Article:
South Korean automaker Kia is a Cinderella story.

When the automaker entered the US in 1994, its cars received poor reviews and were mostly seen as low-cost brands.

Now, Kia wins awards and is more profitable than its peers. US sales have risen from about 12,000 in 1994 to nearly 700,000 in 2022.

“We set a record in 2022,” said Steve Center, Kia America’s chief operating officer, adding that the first half of 2023 will set another sales record. “We’ve had incredible quality recognition from JD Power. More vehicles have won ICS awards this year than any other brand. So it’s a combination of everything.”

It is the result of years of investment and research, with some key employees coming from renowned luxury and performance brands such as BMW and audi.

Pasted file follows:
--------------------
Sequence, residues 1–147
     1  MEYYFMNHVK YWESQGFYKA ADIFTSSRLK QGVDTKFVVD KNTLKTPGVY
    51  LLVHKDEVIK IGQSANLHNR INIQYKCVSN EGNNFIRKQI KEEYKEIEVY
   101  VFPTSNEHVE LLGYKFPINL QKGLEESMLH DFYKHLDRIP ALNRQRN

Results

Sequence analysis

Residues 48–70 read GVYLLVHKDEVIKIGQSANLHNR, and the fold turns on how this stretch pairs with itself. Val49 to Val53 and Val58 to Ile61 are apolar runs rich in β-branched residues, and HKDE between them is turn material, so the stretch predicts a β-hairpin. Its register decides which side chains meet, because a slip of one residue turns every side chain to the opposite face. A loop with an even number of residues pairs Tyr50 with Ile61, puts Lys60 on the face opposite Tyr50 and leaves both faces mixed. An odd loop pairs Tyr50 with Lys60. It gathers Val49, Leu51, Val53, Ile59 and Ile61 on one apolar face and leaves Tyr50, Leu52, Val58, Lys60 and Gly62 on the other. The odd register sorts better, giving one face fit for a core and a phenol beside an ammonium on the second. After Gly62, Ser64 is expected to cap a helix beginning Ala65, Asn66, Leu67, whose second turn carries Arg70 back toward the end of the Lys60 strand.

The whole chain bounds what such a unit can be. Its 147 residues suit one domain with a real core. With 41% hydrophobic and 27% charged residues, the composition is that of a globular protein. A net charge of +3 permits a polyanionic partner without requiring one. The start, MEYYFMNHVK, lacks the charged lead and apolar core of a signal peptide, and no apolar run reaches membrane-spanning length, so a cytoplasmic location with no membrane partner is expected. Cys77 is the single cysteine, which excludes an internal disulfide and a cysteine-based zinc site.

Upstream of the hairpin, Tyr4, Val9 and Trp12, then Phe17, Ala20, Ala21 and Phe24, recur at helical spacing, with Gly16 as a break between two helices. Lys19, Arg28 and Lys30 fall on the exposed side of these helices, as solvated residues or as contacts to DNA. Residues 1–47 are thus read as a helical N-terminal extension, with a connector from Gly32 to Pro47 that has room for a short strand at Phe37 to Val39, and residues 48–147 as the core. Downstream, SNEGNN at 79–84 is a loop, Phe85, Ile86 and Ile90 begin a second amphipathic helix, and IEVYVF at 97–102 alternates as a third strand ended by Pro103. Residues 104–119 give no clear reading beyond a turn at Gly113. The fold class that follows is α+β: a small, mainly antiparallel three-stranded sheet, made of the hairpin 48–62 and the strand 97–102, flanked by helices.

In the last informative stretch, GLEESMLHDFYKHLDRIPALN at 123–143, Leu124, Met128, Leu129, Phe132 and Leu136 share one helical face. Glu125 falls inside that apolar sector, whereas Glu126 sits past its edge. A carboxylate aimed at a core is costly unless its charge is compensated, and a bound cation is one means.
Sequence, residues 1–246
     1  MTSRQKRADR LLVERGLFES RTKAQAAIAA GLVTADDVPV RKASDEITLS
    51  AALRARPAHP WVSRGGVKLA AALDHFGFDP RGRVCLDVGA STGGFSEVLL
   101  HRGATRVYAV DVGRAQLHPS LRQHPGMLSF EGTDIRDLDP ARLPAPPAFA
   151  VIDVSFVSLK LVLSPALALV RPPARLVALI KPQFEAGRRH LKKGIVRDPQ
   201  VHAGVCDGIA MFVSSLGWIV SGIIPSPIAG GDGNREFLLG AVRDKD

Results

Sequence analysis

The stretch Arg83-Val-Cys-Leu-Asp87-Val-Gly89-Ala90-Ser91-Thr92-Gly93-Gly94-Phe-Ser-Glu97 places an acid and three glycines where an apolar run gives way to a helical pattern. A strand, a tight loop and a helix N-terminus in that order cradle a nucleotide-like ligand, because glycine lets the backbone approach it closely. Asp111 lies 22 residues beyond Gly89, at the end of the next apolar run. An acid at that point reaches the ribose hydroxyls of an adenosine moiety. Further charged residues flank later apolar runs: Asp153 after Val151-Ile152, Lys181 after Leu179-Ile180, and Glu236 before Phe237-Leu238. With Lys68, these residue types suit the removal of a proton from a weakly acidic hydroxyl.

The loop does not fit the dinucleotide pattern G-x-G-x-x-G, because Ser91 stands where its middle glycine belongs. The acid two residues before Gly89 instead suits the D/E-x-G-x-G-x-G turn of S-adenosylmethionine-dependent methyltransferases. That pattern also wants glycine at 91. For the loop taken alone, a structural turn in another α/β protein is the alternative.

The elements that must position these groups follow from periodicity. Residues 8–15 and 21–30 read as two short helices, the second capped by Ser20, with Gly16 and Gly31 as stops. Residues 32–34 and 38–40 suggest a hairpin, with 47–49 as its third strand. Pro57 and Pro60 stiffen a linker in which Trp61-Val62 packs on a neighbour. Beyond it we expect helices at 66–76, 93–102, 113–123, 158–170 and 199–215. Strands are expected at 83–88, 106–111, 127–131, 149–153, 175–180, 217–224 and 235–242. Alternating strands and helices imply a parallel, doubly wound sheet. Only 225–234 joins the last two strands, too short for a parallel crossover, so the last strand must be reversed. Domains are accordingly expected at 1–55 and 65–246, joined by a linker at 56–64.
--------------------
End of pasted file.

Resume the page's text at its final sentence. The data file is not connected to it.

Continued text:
“It’s like a crazy shift from a brand where most people would say ‘I’ve never heard of it’ or ‘I’ve only seen those on the side of the road’ to ‘I wish it was in my driveway,'” Edmunds said Ivan Drury, Senior Director of Insights.

But Kia also faces challenges: It and sister brand Hyundai are being sued by multiple cities over a series of thefts, the two brands had to recall more than 91,000 vehicles in August over fire risks, and it was excluded from the Outside of some federal EV tax credits, since it doesn’t currently make EVs in the U.S.

Moreover, it faces an uphill battle to capture US EV market share

tesla Still dominates the EV market with around 60% share. All other automakers had single-digit shares. But Kia believes it can go electric not just with combustion engine technology.

“We have time and perseverance,” Center said. “We have grit, and we’re going to make it happen. With bigger lines, fresher lines, and more exciting lines. That’s our goal. That’s our promise.”

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